The Opportunity: Sponsored by the Office of Fusion Energy Sciences at the U.S. Department of Energy, this funding opportunity supports frontier-level research in basic plasma science and engineering.
The Stakeholders: Professor of Chemical and Biological Engineering David Graves recruited two other Princeton faculty, Nathalie de Leon and Bruce Koel, as well as Vincent Donnelly from the University of Houston to form a diverse team focused on understanding the science of low-temperature plasma-assisted atomic-layer surface modification.
The Challenge: The proposal process required two steps: a competitive pre-application reviewed by DOE program officers, and if approved, a full proposal would be submitted for peer review. The project brings together disparate disciplines and techniques, integrating plasma and plasma-surface modeling and diagnostics, surface science, and quantum metrology of the nitrogen-vacancy color center in diamond. For the submission package, DOE required an additional document, the Promoting Inclusive and Equitable Research (PIER) plan, to address how diversity, equity, and inclusion would be incorporated meaningfully into the research project.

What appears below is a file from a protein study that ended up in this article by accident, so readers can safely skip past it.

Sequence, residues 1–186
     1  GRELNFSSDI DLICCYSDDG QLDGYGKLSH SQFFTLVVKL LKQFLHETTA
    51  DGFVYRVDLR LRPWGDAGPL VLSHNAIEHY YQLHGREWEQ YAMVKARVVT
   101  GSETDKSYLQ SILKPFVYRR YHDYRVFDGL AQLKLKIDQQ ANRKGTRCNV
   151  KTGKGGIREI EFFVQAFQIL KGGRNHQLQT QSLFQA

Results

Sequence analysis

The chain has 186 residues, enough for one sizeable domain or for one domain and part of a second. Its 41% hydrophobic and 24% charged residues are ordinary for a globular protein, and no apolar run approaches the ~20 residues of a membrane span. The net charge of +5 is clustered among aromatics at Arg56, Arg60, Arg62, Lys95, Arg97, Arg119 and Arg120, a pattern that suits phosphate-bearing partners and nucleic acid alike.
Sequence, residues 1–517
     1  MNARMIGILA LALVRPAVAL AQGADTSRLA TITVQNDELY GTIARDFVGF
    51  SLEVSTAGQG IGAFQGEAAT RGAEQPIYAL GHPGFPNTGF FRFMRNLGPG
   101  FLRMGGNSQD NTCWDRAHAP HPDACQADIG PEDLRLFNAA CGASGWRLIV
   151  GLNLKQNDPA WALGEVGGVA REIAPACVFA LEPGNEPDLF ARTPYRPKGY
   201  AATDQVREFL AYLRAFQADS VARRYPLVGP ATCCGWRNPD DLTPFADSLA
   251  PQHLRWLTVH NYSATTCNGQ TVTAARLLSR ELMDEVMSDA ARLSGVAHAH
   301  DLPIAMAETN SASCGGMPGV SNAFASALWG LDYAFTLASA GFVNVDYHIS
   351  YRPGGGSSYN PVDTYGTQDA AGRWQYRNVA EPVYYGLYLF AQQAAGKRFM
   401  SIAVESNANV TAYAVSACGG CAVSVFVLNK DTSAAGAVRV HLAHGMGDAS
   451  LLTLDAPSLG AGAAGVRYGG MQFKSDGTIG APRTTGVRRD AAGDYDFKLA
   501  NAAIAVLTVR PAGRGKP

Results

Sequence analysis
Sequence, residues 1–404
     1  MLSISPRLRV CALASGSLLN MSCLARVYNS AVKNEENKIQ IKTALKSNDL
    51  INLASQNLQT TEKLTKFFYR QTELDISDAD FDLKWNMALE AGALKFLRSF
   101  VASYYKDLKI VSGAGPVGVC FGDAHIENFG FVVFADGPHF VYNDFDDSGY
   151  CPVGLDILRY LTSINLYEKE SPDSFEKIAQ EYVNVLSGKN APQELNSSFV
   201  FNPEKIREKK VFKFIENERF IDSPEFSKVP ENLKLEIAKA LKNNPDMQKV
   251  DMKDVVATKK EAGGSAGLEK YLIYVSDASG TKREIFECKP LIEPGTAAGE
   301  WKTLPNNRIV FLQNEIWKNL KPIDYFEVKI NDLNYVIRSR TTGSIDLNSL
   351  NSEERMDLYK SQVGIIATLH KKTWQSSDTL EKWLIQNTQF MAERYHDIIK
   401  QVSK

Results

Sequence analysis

The Process: Research development support from the Office of the Dean for Research included organizing team meetings and managing the proposal development process from beginning to end. Though the technical aspects of the project narrative were naturally drafted by the faculty team, further support included writing and editing supplementary materials including a diversity (PIER) plan, data management plan, and a facilities and equipment document.
The Outcome: The project aims to have immediate applications in quantum sensing and quantum information processing, and the resulting scientific insights will be applicable to many other surfaces of interest in microelectronics, nanofabrication, and other thin-film quantum systems. As described in DOE’s funding announcement for the program, this award will fund a highly interdisciplinary, collaborative team to address the fundamental and technological challenges in low-temperature plasma science.